A poet trying to naturalise in English the power of the ancient hexameter or to achieve a new form of its greatness or beauty natural to the English tongue must have absorbed its rhythm into his very blood, made it a part of himself, then only could he bring it out from within him as a self-expression of his own being, realised and authentic. If he relies, not on this inner inspiration, but solely on his technical ability for the purpose, there will be a failure; yet this is all that has been done. (CWSA 26: 321)

Sri Aurobindo took up the challenge, achieving this tour de force. He mentioned that it was one of his Cambridge contemporaries, H.N. Ferrar, who had first given the clue to the hexameter in English by reading out a line from Arthur Hugh Clough. Sri Aurobindo was thus the first to successfully adapt this very ancient Greek quantitative metre to the English language. But was it necessary for him to write a poem of nearly 5,000 lines to demonstrate this? The ten or so short poems at the end of his essay would probably have been sufficient.

We must then examine the purpose of writing this poem when Sri Aurobindo knew full well that no one would understand its meaning for a long time. In fact, no study on the meaning of Ilion has been published since Sri Aurobindo left his body over seventy years ago.  Those who have studied Sri Aurobindo’s works to a minimum will no doubt agree that he never wrote anything without a reason and that all his writings were the result of inner experiences. Sri Aurobindo himself stated that: “I am supposed to be a philosopher, but I never studied philosophy – everything I wrote came from Yogic experience, knowledge, and inspiration. So too my greater power over poetry and perfect expression was acquired in these last days not by reading and seeing how other people wrote, but from the heightening of my consciousness and the greater inspiration that came from the heightening” [Nirodbaran: 62]. There is no reason why Ilion should be an exception. Indeed, it seems absurd that Sri Aurobindo should have expended so much energy merely to replace an ancient lost epic poem dealing with the deeds of the heroes of a war that may have taken place over three thousand years ago. This lost poem followed immediately after the Iliad in the suite of epic poems about the Trojan War, a suite that the academics call “The Trojan Cycle”. Of the eight poems in this cycle – The Cypria, The Iliad, The Aethiopis, The Little Iliad, The Sack of Troy or Iliou Persis, The Nostoi (The Returns), The Odyssey, and The Telegony – only two have survived, The Iliad and The Odyssey, attributed to Homer.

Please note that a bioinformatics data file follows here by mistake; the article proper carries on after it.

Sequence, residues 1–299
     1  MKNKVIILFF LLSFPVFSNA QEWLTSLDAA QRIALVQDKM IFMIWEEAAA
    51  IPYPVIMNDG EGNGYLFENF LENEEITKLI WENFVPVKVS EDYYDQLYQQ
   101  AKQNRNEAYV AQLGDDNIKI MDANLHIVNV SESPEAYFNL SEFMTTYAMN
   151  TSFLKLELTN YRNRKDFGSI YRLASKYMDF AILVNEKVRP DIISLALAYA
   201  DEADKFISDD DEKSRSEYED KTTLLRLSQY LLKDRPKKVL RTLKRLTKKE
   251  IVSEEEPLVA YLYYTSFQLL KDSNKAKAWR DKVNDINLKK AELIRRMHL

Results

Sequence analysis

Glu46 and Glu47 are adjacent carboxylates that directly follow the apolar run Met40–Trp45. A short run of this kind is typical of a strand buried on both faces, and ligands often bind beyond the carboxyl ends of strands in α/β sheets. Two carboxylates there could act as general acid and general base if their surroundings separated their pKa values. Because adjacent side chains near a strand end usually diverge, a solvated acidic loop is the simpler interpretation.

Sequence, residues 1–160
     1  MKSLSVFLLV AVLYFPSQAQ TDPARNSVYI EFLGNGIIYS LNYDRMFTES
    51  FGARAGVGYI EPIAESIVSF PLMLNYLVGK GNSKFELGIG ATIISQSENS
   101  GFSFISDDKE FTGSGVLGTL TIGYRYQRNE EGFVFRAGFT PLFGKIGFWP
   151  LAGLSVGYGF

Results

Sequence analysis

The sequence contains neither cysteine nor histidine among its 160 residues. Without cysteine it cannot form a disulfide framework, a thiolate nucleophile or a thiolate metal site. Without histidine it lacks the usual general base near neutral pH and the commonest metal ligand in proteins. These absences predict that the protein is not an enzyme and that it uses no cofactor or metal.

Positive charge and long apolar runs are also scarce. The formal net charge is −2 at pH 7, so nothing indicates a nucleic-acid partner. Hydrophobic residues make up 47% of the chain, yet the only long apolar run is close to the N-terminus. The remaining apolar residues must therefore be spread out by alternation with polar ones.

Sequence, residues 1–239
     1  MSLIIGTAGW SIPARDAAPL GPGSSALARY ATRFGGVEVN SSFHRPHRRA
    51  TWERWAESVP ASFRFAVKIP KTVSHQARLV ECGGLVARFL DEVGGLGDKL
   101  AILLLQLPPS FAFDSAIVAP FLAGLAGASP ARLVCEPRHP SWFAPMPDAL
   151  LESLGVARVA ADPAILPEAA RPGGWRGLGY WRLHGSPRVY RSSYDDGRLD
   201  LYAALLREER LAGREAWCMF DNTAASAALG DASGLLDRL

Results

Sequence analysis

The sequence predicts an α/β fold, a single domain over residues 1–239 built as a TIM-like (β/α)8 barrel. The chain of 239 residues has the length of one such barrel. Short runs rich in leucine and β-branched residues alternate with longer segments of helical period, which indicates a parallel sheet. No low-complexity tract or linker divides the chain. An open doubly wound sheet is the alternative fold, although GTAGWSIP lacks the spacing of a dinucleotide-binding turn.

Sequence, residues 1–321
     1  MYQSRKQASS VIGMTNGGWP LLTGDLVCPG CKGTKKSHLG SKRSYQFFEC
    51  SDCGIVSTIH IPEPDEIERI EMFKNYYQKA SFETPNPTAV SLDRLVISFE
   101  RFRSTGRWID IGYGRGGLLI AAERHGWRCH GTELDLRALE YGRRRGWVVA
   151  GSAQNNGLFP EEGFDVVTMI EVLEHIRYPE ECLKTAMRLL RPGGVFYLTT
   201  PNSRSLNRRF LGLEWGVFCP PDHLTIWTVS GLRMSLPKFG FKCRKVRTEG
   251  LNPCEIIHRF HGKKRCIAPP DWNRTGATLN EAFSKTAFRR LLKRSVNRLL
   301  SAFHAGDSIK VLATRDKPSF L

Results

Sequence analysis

The subject of the Iliad concerns the last days of the last year of a war that lasted ten years. With Ilion, Sri Aurobindo began to compose a poem that recounted the events following those described in the Iliad. He took up the theme of the Aethiopis composed by Arctinus of Miletus in the eighth century BC. According to the surviving summaries of the Aethiopis, the poem opened shortly after the death of the Trojan hero Hector with the arrival of the Amazon warrior Penthesilea  who had come to support the Trojans. She had a moment of glory in battle, but Achilles killed her. The poem Posthomerica of Quintus of Smyrna, dated 3rd century AD, also begins with the arrival of Penthesilea. Sri Aurobindo however does not relate the death of this Amazon queen because he completed only eight songs out of the probable twelve or even twenty-four that were to constitute the poem Ilion according to tradition.

Let us look at the history of the composition of the poem.  According to Sri Aurobindo himself, Ilion, whose title was then “The Fall  of Troy : An Epic”, was “commenced in Jail, 1909, resumed and completed in Pondicherry, April and May 1910” [CWSA 2: 707], so a few years before he started Savitri. The first known manuscript of Savitri is dated 1916.

It is not known whether, lacking the means to write in prison, he “entrusted it to his memory” as he said he had done with other poems, writing it down only after his release. Sri Aurobindo did indeed have an extraordinary memory, as many accounts attest.